The Bezzle excerpt (Part III)

In which Steve Soul lawyers up.

Cory Doctorow
6 min readFeb 20, 2024
The cover of the Tor Books edition of *The Bezzle*: a yellow background with the words ‘Cory Doctorow,’ ‘The Bezzle,’ ‘New York Times Bestselling Author,’ and ‘A Martin Hench novel.’ Between them is an escheresque impossible triangle. The center of the triangle is a barred, smaller triangle (in blue, black and cream) that imprisons a silhouetted male figure in a suit. Two other male silhouettes in suits run alongside the top edges of the triangle.

I’m on tour with my new novel The Bezzle! Catch me TOMORROW in SALT LAKE CITY (Feb 21, Weller Book Works) and then SAN DIEGO (Feb 22, Mysterious Galaxy). After that, it’s LA, Seattle, Portland, Phoenix and more!

A yellow rectangle. On the left, in blue, are the words ‘Cory Doctorow.’ On the right, in black, is ‘The Bezzle.’ Between them is the motif from the cover of *The Bezzle*: an escheresque impossible triangle. The center of the triangle is a barred, smaller triangle that imprisons a silhouetted male figure in a suit. Two other male silhouettes in suits run alongside the top edges of the triangle.

This week, I’m serializing part of chapter 14 from my new novel The Bezzle, which is out in stores TODAY (!!!):

The Bezzle is a Martin Hench novel, the followup to last year’s Red Team Blues — though each book in the series is designed to be read in any order, and to stand alone (RTB just came out in paperback):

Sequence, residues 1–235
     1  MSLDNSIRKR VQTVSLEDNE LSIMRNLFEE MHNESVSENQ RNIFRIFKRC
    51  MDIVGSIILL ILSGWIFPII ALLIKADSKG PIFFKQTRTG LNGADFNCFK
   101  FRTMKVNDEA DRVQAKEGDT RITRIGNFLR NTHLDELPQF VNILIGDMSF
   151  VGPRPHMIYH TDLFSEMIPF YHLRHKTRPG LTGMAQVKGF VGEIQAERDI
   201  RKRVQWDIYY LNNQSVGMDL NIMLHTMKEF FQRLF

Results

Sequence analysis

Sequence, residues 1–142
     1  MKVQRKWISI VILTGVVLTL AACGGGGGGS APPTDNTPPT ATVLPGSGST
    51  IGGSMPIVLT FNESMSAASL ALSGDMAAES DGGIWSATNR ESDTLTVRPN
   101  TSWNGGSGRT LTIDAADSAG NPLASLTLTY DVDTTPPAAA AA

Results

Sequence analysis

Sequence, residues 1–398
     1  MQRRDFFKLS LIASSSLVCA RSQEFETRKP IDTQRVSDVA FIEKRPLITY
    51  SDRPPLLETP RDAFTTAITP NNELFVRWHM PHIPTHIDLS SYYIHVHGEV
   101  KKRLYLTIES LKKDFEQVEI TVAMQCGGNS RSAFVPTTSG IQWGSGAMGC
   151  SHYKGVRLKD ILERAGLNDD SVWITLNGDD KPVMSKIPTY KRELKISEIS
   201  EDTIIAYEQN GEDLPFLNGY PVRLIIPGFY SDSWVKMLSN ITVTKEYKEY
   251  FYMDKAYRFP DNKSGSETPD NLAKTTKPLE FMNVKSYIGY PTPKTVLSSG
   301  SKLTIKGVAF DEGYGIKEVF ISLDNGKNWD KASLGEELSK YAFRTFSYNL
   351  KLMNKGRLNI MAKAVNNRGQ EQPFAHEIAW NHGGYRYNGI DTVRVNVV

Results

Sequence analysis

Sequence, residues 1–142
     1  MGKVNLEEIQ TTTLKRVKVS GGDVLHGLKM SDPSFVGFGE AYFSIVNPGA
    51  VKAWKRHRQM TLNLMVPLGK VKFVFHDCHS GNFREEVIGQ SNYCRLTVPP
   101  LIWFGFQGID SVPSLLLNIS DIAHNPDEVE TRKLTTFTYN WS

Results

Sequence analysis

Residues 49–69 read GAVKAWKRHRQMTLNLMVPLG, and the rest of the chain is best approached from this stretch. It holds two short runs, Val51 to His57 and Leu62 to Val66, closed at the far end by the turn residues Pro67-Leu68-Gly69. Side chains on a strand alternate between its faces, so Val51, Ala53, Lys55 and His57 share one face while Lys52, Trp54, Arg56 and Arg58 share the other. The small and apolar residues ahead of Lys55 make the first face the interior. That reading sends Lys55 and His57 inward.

Hench is a two-fisted, high-tech forensic accountant whose career spans 40 years of busting high-tech scams, from the earliest days of the PC to the white-hot center of the cryptocurrency bubble. Each book revolves around a single, central scam (in The Bezzle, it’s the unbelievably slimy prison-tech industry):

But each book also features lots of subplots that unpick different kinds of fraud. In this serialized excerpt, we get to watch Marty unwind a music royalty theft scheme, the kind of thing that Rebecca Giblin and I pulled apart in our 2022 book, Chokepoint Capitalism (also now in paperback!):

Today’s installment gets into one of the major tactics of any semi-respectable scam — simply ignoring the victim in the hope that they’ll get tired and go away. Any of us who’ve been ripped off by a big company can surely relate.

I’m leaving on my tour for this one tomorrow, starting with a gig in Salt Lake City at Weller Bookworks (Feb 21) at 630PM:

From there, it’s on to LA (with Adam Conover), Seattle (with Neal Stephenson) and many, many more cities — maybe one near you!

Here’s part one of the serial:

And part two:

And now, onto part three!